By Broderick Perkins, DeadlineNews.com
You know you are ready to buy a home when owning is cheaper than renting
and a home purchase is a natural fit for your lifestyle and financial needs,
goals and obligations. Instead of making the home-buying decision based on
income alone, consider it in a more holistic context that includes your
complete financial picture. Viewing home buying in a vacuum is a common
misstep first-time home buyers should avoid. Other potential slip-ups include:
Not knowing the market
In a buyer's market, buyers who feel a competitive edge are more likely to
leap before they look. The glut of information on the Internet makes obtaining
home buying and local market knowledge a relatively easy task. Real estate
agents, brokers, lenders, title companies and other real estate professionals
offer free seminars, workshops and classes. The vast library of real estate
guidebooks can also give you an edge. A lack of knowledge about home
buying and market conditions tends to perpetuate additional buying errors.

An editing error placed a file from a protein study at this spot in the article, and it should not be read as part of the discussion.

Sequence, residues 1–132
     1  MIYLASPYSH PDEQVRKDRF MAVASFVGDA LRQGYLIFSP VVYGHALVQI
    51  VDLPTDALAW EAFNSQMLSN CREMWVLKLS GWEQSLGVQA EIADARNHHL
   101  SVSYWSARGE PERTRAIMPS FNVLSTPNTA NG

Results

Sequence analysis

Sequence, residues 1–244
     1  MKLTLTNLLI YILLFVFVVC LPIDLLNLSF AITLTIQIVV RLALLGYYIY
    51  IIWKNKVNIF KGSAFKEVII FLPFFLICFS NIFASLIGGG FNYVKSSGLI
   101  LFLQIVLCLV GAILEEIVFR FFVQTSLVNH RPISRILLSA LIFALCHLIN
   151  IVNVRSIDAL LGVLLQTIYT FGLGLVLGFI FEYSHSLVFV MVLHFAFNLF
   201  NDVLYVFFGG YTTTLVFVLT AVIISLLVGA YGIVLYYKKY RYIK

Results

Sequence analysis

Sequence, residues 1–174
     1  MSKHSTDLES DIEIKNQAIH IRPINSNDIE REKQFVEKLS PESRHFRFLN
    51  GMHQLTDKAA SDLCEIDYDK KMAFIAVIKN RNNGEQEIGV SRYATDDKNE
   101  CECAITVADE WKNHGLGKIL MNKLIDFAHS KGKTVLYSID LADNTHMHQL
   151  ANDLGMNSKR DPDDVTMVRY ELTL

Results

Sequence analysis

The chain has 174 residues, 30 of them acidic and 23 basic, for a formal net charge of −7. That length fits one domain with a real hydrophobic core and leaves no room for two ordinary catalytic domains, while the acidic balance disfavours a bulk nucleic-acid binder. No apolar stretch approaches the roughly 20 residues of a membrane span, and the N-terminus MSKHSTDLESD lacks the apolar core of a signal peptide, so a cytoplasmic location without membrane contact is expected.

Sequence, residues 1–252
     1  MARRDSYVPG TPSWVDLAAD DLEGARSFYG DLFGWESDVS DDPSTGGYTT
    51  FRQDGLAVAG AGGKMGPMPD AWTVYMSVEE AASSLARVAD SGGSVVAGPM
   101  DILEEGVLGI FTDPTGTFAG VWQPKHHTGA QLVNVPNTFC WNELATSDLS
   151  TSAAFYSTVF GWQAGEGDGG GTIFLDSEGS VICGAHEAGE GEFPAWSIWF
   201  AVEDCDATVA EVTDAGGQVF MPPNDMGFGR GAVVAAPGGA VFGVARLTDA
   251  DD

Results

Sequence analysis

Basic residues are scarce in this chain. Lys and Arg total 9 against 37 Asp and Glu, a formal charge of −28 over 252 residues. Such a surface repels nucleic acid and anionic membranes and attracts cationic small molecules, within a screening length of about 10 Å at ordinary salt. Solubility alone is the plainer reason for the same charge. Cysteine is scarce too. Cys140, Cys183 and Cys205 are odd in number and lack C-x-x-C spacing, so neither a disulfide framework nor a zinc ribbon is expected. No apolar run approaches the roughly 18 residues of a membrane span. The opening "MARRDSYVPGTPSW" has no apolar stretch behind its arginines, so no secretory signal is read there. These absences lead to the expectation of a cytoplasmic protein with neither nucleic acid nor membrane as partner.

Failing to get pre-approved
Get pre-approved - in writing - for what you can afford, not what the lender is
willing to lend. A written pre-approval reveals that you are serious about
buying and it helps prevent you from shopping for more than you can afford.
Uneducated buyers tend to offer too little and ask for too many concessions,
including asking the seller to pick up buyer's costs, to make extensive
repairs, or to provide a home warranty. That could insult the seller, even in a
buyer's market. In a seller's market, it will alienate a seller who has taken the
time to price the home right and prepare it for market.
Paying too much
Avoid multiple-offer bidding frenzies. Make the same price checks sellers
make to price their homes right -- get comparables, track sale prices in your
area, scan the local newspaper to check asking prices, visit open houses and
use a knowledgeable real estate agent.
Failing to buy low now to sell high later
Buy the least expensive house on the best block. Buy into the least
expensive neighborhood in the best community. The cheapest home in a
neighborhood, community or region in transition provides the greatest return
on your investment in any market.
As you learn to avoid mistakes, you'll find it easier to put your emotions on
hold long enough to reach your goal. That prevents buyer's remorse, an
all-too-common malady suffered by ill-prepared buyers.
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